Building the Engine of Community Development in Detroit (“Building the Engine”) is at an inflection point. Since its launch in 2016, Building the Engine is officially under Community Development Advocates of Detroit’s (CDAD) umbrella. The following report, developed by the System Capitalization Taskforce, documents the history of “Building the Engine” from its inception and places it in the context of a national movement for equity-centered community development.
This transition comes at a time when the world faces a surge in economic inequality accelerated by COVID-19 where the richest 10% of the world population now owns 76% of the wealth. Domestically, the public health emergency exacerbated racial disparities with deep roots in systems of white supremacy and anti-Blackness. The legacies of community destabilization and disinvestment, residential segregation, low-wage work without paid leave, and culturally incompetent or inaccessible health care services increased disparities in contraction and survival rates across race. One in every 645 Black people in the United States can expect to die from COVID-19 and are 2.1 times more likely than whites to die from the virus based on data from February 2021. The state of Michigan has the fourth highest COVID-19 mortality rate for Black Americans and in Detroit, Black people represent over 75 percent of known COVID-19 diagnoses by race and nearly 90 percent of deaths.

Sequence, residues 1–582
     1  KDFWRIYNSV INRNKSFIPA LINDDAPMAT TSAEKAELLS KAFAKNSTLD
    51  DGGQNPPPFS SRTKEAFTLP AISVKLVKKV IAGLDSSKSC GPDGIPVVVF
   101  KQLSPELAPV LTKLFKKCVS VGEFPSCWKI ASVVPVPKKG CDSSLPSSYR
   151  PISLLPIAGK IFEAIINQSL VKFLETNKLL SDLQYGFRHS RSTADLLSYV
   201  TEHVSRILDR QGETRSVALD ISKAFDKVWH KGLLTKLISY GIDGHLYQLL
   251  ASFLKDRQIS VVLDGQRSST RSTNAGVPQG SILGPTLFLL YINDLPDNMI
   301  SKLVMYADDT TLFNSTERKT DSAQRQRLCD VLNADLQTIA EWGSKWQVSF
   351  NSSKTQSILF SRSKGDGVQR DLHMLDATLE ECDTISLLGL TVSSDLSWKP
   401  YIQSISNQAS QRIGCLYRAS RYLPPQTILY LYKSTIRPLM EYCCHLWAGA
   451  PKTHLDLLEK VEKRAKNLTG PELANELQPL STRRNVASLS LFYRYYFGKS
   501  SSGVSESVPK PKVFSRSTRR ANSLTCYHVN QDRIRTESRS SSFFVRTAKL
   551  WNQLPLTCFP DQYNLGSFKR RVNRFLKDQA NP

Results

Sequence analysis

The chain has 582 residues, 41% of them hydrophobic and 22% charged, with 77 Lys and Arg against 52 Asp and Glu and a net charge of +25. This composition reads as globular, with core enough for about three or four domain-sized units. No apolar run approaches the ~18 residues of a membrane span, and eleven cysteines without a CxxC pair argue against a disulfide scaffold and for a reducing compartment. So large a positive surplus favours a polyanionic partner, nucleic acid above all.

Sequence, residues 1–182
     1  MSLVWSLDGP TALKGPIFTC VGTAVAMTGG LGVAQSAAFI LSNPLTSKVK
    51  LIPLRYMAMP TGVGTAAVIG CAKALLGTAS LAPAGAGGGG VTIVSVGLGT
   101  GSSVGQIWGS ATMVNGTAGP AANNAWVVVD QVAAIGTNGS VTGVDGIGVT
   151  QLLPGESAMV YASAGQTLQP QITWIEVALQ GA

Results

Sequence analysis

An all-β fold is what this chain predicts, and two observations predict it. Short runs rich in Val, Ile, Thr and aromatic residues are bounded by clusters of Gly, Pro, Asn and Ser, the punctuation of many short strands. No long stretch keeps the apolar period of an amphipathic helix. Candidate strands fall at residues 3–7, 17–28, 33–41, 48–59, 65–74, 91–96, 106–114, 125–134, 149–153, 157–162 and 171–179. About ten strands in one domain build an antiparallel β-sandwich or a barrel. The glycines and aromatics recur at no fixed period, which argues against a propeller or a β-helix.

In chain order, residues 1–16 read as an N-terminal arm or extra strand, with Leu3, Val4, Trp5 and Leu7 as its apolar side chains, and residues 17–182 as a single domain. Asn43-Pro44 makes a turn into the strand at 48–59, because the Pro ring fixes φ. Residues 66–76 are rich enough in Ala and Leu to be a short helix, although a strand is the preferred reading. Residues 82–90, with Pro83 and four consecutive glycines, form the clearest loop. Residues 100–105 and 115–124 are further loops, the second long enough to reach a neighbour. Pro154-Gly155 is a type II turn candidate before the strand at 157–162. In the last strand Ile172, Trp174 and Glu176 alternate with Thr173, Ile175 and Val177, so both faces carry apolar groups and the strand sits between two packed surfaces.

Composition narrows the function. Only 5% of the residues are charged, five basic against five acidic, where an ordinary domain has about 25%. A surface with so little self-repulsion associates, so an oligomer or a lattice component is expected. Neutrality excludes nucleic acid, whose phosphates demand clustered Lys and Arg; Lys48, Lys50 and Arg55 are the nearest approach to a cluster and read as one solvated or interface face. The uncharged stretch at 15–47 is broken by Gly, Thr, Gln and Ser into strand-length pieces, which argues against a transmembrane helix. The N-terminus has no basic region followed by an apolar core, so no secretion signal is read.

The challenges faced by Black Detroit during Covid extend beyond mortality rates. Black residents are seven times more likely to be very concerned about being evicted and 17 times more likely than white residents to report needing rental assistance. Black residents in Detroit relative to White residents are significantly more likely to report challenges in securing and maintaining housing, obtaining medication, and getting food, water, and other household supplies. Blacks are 40% more likely to report that they have run out of money, unable to pay bills and afford gas and groceries. Detroit desperately needs a coordinated equity-centered community development delivery system to address the compounding impact of Covid-19 on racial disparities that existed pre-pandemic. However, traditional means of planning and implementation may not be as straightforward as we have seen in the past. The economic stability and precariousness of life for Black, indigenous, and non-Black people of color hinges on our ability to disrupt our current ways of being and doing.
The ideas presented in this report reflect our current best thinking, combining a historical narrative of community development in Detroit, research on best practices in the field and input from multiple working groups. Additional feedback was gathered during CDAD’s April 7th Annual Summit where attendees discussed possible strategies, policy recommendations and the role of key stakeholders in building a sustainable model for equity-centered community development. FORWARD FROM CDAD Roadmap to Equity: Sustainability Strategies for Detroit’s Community Development Ecosystem 9 CDAD staff also hosted a series of discussions following the summit to check our assumptions and identify what, if anything, was missing from the proposed strategies. Moreover, this was an opportunity for cross-sector collaboration and the beginnings of an ecosystem designed to support intentional engagement.